Pattern: Inari Crop Tee by Named Patterns and Box Pleat Skirt from the Great British Sewing Bee book ‘Sew Your Own Wardrobe’
Fabric: Inari tee – Green Tea 100% handwoven cotton from Merchant and Mills, Skirt – Linen/Cotton blend in ruby from Backstitch
Christmas has come and gone once again; a lovely relaxed day spent just pottering about at home with immediate family. Having had our (enormous) Christmas dinner on Christmas Eve, Christmas Day itself was free of cooking and doing dishes, leaving time for a walk with the dogs and to be really lazy, enjoying presents and lots of ‘nibble’ foods – sausage rolls, cheeses, smoked salmon, Christmas cake…
I love Christmas, but I do rather like settling back into normality once it is all over and having a good sort out and freshen up, before the New Year. I have been busy planning some new sewing ideas for the next wee while, influenced heavily by the Merchant and Mills Workbook, which I got for Christmas. I love in particular their Haremere coat (which I think would be lovely in a heavy-ish tartan wool), as well as the Sandpiper skirt – I’m planning on making a few of those for the summer.
Summer is a fair bit away yet though, so winter sewing is still taking priority at the moment. It has been fairly grey and wet here the past week or so – but very mild – and Sunday proved the first change from that in a while, the skies clear and crisp with a light frost underfoot. Scott and I headed out to the beach at Rosemarkie, on the Black Ilse, on Sunday afternoon for a wee wander and a picnic looking out towards Channery Point. I love being by the sea, there is something very refreshing about the sea air, especially on a cold day. The high tide – with great foaming waves crashing against the beach – was particularly reviving, conducive particularly to rosy cheeks and windswept hair.
Never one to miss an opportunity, we took the chance to take a few photos of my latest makes – yet another striped Inari tee and a red box pleat skirt, which (and I’m very proud of this part) I painstakingly embroidered by hand. I feel I’ve already said quite enough about the Inari crop tee in previous posts, so, besides from reiterating my love for this pattern, I will ramble on mainly about the skirt. I actually made this skirt over the summer, but cutting it to midi length. However, the fabric – a cotton linen mix – was totally wrong for the light swishy midi skirt I wanted, so a couple of weeks ago I hacked a good couple of inches off the bottom and turned it into a mini. Construction wise I’m not going to bore you with details on what was a pretty simple make; I followed the pattern for a box pleat skirt in the second Great British Sewing Bee book, finishing with French seams. The only change I would make next time would be to take the zip right up to the top of the waistband rather than bothering with a hook and eye fastening. This is just personal preference though and me being fussy.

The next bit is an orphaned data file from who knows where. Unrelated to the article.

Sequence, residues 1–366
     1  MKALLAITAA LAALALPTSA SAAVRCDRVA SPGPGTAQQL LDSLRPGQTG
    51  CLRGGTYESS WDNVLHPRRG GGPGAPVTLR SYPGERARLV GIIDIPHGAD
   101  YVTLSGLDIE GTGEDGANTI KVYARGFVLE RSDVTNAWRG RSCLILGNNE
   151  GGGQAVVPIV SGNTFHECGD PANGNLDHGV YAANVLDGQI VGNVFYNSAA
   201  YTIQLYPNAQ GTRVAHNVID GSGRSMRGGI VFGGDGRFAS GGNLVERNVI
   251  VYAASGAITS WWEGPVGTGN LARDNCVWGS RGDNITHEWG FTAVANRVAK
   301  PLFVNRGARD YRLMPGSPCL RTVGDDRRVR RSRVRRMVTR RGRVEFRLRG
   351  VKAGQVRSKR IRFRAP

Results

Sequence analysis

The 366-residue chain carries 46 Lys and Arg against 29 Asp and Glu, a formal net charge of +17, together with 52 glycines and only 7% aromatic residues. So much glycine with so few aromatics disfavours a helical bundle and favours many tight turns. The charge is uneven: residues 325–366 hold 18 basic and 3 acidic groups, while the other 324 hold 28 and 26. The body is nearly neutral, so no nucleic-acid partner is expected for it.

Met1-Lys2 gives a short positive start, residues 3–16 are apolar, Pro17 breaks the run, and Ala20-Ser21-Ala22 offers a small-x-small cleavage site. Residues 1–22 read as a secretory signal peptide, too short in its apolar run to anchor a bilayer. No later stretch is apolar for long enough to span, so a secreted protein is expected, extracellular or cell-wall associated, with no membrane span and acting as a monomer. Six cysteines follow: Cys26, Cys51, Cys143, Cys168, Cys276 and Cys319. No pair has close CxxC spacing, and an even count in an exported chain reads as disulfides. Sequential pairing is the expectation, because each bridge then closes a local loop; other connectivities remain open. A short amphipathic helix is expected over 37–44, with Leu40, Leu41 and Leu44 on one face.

I have been inspired lately to try my hand at embroidery, spurred on in particular by the blog ‘Dottie Angel’ (dottieangel.blogspot.co.uk), which features much beautiful embroidery – or woolly ‘tattoos’ – on coats, hats, scarfs etc, in beautiful floral designs. I’m not therefore going to lie and take all the credit for the idea to embroider a floral design onto this skirt to liven it up a bit. I will however take full credit for the design itself.
I didn’t draw out a design before beginning and, following a ‘how to’ embroidery guide in an old Molly Makes magazine (Issue 50), I began with a single daisy, allowing the pattern to develop and grow as I worked. Four years of drawing classes at art school has definitely helped here! I’ve used 3 fairly straightforward stitches: French knots for the yellow centre, chain stitch for the green foliage, and super simple straight stitch for the white on the daisies and the leaves.
It was very relaxing to do; I worked in the evenings, watching tv, and, although my embroidery is by no means perfect – I have a long way to go – I am very pleased with it. I don’t think it looks too homemade (?) – at least not in a bad way – I hope only in a slightly folky sort of way.
Anyway, that’s all for now!